While many people think of dogs as emotional support animals, cats are quickly becoming the go-to choice for individuals with anxiety, depression, PTSD and other mental health challenges. Felines not only help keep people company and prevent them from feeling alone or lonely, they also boost serotonin production in the brain, which greatly improves mood. One study even found that being around cats can increase the body’s production of oxytocin, a hormone often referred to as the ‘cuddle chemical’, which increases a person’s overall sense of well-being.

At Greenbrier Academy girls boarding school, we have a canine rescue program that helps our students learn responsibility while also gaining the benefits of animal support for mental health issues. However, we’ve come to learn that cats are much different than dogs- in a good way.

Dogs tend to put up with any behavior. They love unconditionally. That’s not the case with our feline friends. They’ll put you in your place if you aren’t communicating with them properly or approaching them in the right way. These animals won’t tolerate ‘just any’ behavior, which makes them more human-like when the girls interact with them.

Let’s take a look at some other valuable skills our students learn through our cat rescue program at Greenbrier.

Skills Learned Through Cat Rescue

  • Communication Without Anger- Many students who arrive at our doors are angry. They feel like their world just isn’t going the way it should, and they don’t know how to make it work for them when it comes to academics, relationships and family. Communication is the first skill they need to learn. Cats help with communication by reacting to what a student has to say- not their words, but their tone. An angry, aggressive, frustrated tone will often result in a cat standing up and walking out of the room. The only way to get the cat to stick around is to change the tone the student is using.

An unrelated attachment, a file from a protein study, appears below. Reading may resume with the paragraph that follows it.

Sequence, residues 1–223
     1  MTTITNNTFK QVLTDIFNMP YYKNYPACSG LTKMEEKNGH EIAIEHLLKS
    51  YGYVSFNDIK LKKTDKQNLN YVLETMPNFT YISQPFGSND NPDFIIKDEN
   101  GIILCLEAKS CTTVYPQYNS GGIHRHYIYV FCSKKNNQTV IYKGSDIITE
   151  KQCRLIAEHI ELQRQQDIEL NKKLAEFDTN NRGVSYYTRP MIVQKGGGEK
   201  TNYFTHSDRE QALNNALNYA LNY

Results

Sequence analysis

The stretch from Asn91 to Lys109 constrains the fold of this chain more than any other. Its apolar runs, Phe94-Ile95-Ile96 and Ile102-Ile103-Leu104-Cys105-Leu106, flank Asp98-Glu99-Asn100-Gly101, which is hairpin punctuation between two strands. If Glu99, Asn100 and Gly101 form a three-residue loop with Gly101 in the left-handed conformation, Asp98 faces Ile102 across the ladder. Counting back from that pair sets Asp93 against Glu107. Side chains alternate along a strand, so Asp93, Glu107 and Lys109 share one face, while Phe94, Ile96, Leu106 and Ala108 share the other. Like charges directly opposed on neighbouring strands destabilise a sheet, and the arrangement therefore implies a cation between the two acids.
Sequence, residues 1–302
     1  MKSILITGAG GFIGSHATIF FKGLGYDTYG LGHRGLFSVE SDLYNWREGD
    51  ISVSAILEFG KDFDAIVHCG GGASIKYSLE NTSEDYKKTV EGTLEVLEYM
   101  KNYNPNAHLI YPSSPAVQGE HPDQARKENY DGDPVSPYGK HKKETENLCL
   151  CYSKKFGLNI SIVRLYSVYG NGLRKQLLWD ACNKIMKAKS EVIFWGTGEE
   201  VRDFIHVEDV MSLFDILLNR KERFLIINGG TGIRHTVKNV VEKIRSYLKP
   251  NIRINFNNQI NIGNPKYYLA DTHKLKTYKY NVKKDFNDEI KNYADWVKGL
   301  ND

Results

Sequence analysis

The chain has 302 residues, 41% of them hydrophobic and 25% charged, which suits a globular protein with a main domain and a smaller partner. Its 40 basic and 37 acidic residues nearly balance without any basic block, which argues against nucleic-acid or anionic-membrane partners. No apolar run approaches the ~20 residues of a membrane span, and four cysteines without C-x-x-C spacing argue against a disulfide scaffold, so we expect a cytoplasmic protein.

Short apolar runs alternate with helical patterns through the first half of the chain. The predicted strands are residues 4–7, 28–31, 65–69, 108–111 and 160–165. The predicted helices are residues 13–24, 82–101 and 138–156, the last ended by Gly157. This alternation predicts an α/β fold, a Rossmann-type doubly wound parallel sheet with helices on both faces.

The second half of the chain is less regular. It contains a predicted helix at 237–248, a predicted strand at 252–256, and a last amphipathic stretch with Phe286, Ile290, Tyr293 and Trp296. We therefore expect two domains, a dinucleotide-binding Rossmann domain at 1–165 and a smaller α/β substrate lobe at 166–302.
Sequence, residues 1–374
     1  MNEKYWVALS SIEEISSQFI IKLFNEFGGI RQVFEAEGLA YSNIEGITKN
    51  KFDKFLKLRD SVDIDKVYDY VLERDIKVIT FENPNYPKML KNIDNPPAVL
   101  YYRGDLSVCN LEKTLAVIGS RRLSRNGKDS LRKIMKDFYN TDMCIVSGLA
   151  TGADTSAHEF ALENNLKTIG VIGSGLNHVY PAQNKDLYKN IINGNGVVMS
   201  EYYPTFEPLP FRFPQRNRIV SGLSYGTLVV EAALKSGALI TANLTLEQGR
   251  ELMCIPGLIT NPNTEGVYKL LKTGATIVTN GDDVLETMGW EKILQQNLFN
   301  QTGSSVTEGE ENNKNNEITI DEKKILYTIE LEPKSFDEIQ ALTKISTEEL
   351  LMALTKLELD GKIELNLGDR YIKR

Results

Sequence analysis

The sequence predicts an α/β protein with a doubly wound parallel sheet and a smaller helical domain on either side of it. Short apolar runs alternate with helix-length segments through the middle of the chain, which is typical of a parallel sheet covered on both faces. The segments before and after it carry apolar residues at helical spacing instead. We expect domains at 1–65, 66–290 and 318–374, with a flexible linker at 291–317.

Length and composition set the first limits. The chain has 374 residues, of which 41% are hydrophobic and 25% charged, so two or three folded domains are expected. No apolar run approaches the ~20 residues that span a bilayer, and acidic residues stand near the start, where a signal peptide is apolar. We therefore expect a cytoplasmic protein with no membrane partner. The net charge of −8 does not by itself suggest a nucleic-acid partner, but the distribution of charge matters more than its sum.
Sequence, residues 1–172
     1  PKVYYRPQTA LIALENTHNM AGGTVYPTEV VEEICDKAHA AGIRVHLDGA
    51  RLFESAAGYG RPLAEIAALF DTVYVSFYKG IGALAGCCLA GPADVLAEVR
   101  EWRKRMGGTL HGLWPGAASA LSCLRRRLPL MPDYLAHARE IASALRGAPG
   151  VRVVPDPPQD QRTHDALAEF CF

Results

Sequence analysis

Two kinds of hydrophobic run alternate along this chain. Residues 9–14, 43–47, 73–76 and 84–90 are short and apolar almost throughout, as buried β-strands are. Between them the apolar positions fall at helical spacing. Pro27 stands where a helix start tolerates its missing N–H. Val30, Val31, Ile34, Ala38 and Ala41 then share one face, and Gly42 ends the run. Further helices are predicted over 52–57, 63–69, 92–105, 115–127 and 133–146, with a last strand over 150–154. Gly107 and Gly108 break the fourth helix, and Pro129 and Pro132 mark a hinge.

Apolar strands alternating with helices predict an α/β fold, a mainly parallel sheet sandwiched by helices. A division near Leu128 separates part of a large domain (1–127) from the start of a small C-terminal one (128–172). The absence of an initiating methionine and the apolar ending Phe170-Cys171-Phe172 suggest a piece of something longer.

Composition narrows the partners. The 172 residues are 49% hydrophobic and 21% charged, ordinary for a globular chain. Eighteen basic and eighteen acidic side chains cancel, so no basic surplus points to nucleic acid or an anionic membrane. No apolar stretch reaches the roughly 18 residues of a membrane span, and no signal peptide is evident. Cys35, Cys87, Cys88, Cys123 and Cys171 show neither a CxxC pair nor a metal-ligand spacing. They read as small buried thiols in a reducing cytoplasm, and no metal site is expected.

• Social Cues- Some people have a difficult time picking up on social cues around them. Cats, because they cannot speak, use their own set of cues to communicate with the people that care for them. A wagging tail may mean the cat is becoming mad or upset. Ears back may indicate the cat is uncomfortable. Purring shows us the cat is content and happy. In order to take care of our rescue cats, the girls must learn what these cues mean. They can then take this lesson and use it to understand social cues and body language in humans.
  • Responsibility- Cats, like dogs, require a lot of attention and care. Students are in charge of feeding the cats, brushing them, playing with them and spending time with them every day. This type of responsibility is important, as it can teach students to be more responsible in other areas of their life as they grow older.

Cat Rescue Program at Our Girls Boarding School

Playing with animals might not seem like intense therapy, but it is incredibly helpful for students overcoming anxiety, depression and PTSD. Being a part of the cat rescue program (or canine rescue program) can also teach your daughter some valuable skills like understanding social cues, responsibility and communicating correctly with others.

Learn more about this program and other ways Greenbrier excels in therapy by contacting us today.